Fiber offers a  glimmer of hope amid EFSA health claims carnage

Fiber offers a glimmer of hope amid EFSA health claims carnage

Although health claim regulators in Europe and elsewhere are increasing requirements for scientific substantiation, two claims linking wheat bran fiber with digestive health are available for use.  Despite this glimmer of good news, the overall health claims outlook remains grim.

Despite the very, very slim pickings for the industry in the latest batch of Article 13.1 health claims opinions, suppliers of dietary fiber ingredients, at least, have reasons to be cheerful, according to one expert.

As we have reported previously, in October the European Food Safety Authority, which is assessing all health claims submitted under the EU's Nutrition & Health Claims Regulation (NHCR), rejected 91 percent of 808 opinions submitted for inclusion on the Community List of health claims that are available for any company to use.

Among the few successes, however, were two claims linking wheat bran fiber with digestive health – specifically an increase in fecal bulking and a reduction in intestinal transit time.

According to Julian Mellentin, director of marketing consultancy New Nutrition Business, these positive outcomes highlight “the huge untapped opportunities that lie in products with fiber for digestive health”.

“Health claim regulators in Europe and elsewhere are becoming increasingly demanding in their requirements for scientific substantiation, and this effectively rules out a huge number of ingredients from making health claims,” he explained. “However, the scientific evidence supporting fiber’s digestive health benefits is good.”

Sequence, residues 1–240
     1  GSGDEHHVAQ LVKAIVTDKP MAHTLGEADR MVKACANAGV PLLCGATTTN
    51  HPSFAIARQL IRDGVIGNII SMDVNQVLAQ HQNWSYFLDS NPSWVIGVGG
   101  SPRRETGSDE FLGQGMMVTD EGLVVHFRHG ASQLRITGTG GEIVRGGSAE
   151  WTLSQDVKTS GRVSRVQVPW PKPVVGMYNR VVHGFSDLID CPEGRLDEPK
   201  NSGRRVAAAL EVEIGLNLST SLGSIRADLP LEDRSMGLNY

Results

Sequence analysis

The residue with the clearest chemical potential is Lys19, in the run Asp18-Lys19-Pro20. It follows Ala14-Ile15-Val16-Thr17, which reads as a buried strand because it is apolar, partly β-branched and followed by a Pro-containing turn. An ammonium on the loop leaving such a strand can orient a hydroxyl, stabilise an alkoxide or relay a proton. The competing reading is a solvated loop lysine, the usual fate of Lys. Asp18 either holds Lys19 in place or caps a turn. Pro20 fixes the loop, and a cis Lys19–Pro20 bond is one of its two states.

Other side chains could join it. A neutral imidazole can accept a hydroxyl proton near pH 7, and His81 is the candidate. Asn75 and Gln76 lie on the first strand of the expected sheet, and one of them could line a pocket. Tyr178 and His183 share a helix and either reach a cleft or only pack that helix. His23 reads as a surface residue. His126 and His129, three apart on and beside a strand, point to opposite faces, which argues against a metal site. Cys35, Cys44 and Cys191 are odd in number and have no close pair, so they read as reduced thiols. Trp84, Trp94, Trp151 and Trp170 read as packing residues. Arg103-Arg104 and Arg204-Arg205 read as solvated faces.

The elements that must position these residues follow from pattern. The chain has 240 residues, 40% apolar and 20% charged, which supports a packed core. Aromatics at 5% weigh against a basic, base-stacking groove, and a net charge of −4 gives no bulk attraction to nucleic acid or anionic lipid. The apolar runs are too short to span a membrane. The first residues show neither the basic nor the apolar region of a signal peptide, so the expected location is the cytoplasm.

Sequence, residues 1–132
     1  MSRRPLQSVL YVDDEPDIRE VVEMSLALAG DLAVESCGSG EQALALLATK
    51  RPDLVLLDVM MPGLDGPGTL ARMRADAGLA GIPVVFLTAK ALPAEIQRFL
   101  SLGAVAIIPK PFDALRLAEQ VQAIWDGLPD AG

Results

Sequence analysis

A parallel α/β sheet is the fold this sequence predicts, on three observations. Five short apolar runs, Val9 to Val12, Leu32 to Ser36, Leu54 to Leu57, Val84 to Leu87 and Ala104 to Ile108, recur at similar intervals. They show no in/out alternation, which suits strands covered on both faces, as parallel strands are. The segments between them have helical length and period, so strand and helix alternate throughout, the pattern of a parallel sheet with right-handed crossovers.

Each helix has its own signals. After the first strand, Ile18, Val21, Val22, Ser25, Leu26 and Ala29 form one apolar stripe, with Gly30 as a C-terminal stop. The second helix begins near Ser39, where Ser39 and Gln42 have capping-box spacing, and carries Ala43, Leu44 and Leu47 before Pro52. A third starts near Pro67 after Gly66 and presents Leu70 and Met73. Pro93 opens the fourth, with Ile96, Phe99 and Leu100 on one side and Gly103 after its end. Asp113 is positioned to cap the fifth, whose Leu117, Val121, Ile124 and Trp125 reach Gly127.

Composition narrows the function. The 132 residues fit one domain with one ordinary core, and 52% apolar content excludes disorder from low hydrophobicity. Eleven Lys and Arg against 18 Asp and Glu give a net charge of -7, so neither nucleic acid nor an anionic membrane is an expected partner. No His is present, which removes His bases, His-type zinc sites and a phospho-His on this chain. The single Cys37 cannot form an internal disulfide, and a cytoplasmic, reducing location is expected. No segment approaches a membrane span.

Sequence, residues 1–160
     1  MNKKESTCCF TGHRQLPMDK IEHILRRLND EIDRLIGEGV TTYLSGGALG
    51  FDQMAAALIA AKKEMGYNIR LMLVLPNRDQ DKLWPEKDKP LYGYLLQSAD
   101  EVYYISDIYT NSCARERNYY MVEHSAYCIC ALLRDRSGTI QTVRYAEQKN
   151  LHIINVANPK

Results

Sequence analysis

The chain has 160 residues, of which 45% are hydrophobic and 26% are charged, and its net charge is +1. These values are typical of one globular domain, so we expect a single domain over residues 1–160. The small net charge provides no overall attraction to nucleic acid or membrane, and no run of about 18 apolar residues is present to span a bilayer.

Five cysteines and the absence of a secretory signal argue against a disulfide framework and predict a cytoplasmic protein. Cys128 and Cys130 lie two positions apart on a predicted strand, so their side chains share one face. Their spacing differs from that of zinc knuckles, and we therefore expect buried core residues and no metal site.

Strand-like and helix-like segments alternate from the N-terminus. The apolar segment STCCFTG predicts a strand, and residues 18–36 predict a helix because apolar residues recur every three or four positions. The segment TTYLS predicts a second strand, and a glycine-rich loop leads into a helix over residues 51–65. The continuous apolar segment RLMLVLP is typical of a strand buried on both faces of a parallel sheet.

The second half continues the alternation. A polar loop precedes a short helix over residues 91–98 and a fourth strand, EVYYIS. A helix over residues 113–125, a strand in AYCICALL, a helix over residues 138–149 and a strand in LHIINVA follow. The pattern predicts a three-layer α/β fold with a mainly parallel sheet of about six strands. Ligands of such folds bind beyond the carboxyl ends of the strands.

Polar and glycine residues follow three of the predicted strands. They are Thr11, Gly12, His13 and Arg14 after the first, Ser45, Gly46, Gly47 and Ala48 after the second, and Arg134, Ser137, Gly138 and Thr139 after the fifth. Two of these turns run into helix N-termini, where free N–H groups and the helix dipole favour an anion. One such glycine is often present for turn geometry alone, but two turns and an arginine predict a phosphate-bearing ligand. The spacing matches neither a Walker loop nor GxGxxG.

This is positive news for fiber, he said, because the market is ripe for products offering digestive health benefits. “Digestive health is consistently named among the top four health concerns that affect consumers and at any one time around 30 percent of people are troubled by constipation. The biggest need is among women, who are three times more likely than men to suffer from constipation, and the over-40s. In fact, by their 60s, around half of people are struggling with constipation on a daily basis.”

Mellentin said fiber had five distinct advantages for any company targeting the digestive health category: “New technologies mean better taste than in the past. Consumers need more fiber. It’s an ingredient consumers accept and offers a benefit they understand. The right fiber in the right dose offers a benefit consumers can easily feel. And, finally, fiber and digestive health is one of the few areas in which it may be possible to create new products that deliver benefits based on science that is relatively non-controversial communicated by health claims which regulators approve.”

Overall outlook still grim so companies focus on 'passive' health claims

Although the fiber news is certainly welcome, in aggregate the outlook for supplement and functional food and beverage product development in Europe is somber. In fact, Innova Market Research has recorded a steep drop in new product development as the health claims process has unfolded.

In researching the European supplements sector, Innova found that 384 new products launched were launched in the first half of 2010, compared with 405 in the same period the previous year—a decline of 5 percent. In the food sector, meanwhile, launches of products with an “active” health positioning declined by 10.5 percent from 2,189 in 2009 to 1,960 this year. By contrast, launches of products with a “passive” health positioning (such as “low in fat”) rose 18 percent from 8,747 to 10,350.

“Manufacturers seem hesitant to launch new products with a strong health benefit claim if there is a chance that they will have to make a change to their labeling in the near future,” said Lu Ann Williams, Innova’s head of research.

Peter van Doorn, chairman of industry group the European Federation of Associations of Health Product Manufacturers (EHPM), agrees with Innova’s reasoning that the NHCR is affecting companies’ willingness to launch new products with active health benefits.

“For what we call ‘other ingredients’, which means anything other than vitamins and minerals, the picture was as grim as it was for the previous two batches," he said. "There were hardly any positive opinions.”

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